Hello everyone, and Happy Friday! For your weekend reading (and maybe some motivation), I’ve written this essay about how I’ve started skateboarding again – after 30 some years! And spoiler alert, it’s not been entirely pain free. I’m posting it to my Medium page, but I’m offering it here too. Enjoy!

Who’s the Old Guy on the Skateboard?

Against perhaps her better judgment, my wife bought me a skateboard for Christmas this year. It was not without some consternation and deliberation on her part, along with my repeated assurances that I wasn’t going to break my neck.

“I used to skateboard all the time,” I told her. “My freshman year in college, I didn’t have a car — my skateboard was how I got around.”

I’ll admit that wasn’t the most persuasive argument, given that I was thirty-some years removed from college and hadn’t been on a skateboard since. So when I noticed that look in her eyes and could tell that she was thinking the same thing, I hastily followed with, “Tony Hawk’s in his fifties, and he skateboards,” to which my wife, without missing a beat, replied, “But you’re not Tony Hawk!” Touché.

Nonetheless, I was unwavering in this request for a skateboard for Christmas. There was really nothing else I wanted. I was good on sweaters and ties and cologne. And sure, perhaps there was a little (or a lot of) midlife crisis involved. But it had been a difficult couple of years, for everyone, in lots of ways, and maybe I just wanted that feeling again of being youthful and reckless.

The kids — I mean, the young salespeople — at the skateboard shop were very kind and patient in demonstrating the various skateboard models for me, and didn’t seem to be snickering behind my back as I at first feared might happen when I went up to one of them and asked to be shown something that a former fellow skateboarder — “who hasn’t skateboarded since the ‘80’s,” my wife was certain to clarify — might be able to manage.

The salesperson directed me to a row of skateboards in the back that were longer than the others, with thick wheels and a lower center of gravity, that I could possibly, as he stuttered to put it politely, “um, cruise around the neighborhood on, ya’ know — but not to really do any tricks.”

“Oh, he’s not doing any tricks,” my wife was fast to confirm.

“I might do tricks,” I mumbled meekly, under my breath.

I was particularly taken with a lowrider skateboard that had a parquet design on the deck and a quite colorful, sort of South Pacific motif underneath. But aesthetics aside, there came the task of trying it out, of stepping onto it, as I wasn’t getting this just to decorate my office.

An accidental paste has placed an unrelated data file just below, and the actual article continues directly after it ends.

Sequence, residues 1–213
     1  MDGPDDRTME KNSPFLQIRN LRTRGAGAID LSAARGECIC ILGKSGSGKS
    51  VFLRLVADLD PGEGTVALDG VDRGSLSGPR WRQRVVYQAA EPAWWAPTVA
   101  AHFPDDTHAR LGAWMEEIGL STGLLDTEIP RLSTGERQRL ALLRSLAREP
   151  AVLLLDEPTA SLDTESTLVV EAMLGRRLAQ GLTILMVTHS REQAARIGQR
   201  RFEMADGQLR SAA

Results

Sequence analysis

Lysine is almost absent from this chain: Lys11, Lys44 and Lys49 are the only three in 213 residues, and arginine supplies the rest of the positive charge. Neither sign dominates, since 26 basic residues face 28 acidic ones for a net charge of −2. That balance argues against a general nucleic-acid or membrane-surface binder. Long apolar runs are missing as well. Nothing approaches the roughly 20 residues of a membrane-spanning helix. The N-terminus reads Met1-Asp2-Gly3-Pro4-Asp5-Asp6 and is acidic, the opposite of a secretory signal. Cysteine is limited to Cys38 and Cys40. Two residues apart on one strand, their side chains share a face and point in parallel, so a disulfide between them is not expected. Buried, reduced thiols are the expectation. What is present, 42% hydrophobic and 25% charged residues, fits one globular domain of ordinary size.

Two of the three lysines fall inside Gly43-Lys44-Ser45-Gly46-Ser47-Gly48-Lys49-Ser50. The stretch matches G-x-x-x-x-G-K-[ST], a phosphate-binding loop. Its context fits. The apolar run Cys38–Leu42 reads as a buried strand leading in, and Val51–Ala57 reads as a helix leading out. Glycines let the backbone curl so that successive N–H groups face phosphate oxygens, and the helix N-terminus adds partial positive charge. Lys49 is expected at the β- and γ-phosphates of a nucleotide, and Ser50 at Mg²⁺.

Cautiously, carefully, clutching onto my wife’s shoulder with one hand and gripping the sales counter with the other, I, to my surprise and amazement, was actually able to stand on the skateboard without it taking me careening into the adjacent display of t-shirts. It helped that the store was carpeted. All the same, I gleefully proclaimed that that was “the board for me, dude!” (And I honestly would not have blamed anyone in the shop for snickering behind my back at that comment.)

I left the store, leaving the fate of my resurgent skateboarding career completely in the hands of my wife, and lo and behold, come Christmas morning, there was that same skateboard under the tree. I instantly did what anyone my age who got a skateboard for Christmas would do: I texted pictures of it to my friends to show them how cool I still was (and, really, how cool my wife was for getting it for me).

Since it was the middle of winter in Kentucky where we live, I had to be satisfied for the time being with just standing on the skateboard in our living room and imagining myself dropping into a halfpipe. Yet that did afford me ample opportunity to watch Tony Hawk’s MasterClass on skateboarding so that I would learn everything I needed to know — or rather, simply to refresh my memory (the former skateboarder I was).

On the first decent day in mid-January, I began the first day of the rest of my life as a skateboarder — by skating up and down in our driveway, making sure to stay within arm’s reach of the garbage cans, the back fence and our cars just in case I needed to grab onto something for support. I was certain that the neighbors thought I had lost my mind but so be it. I felt like a kid again. I felt great. Maybe I did still have it, I thought.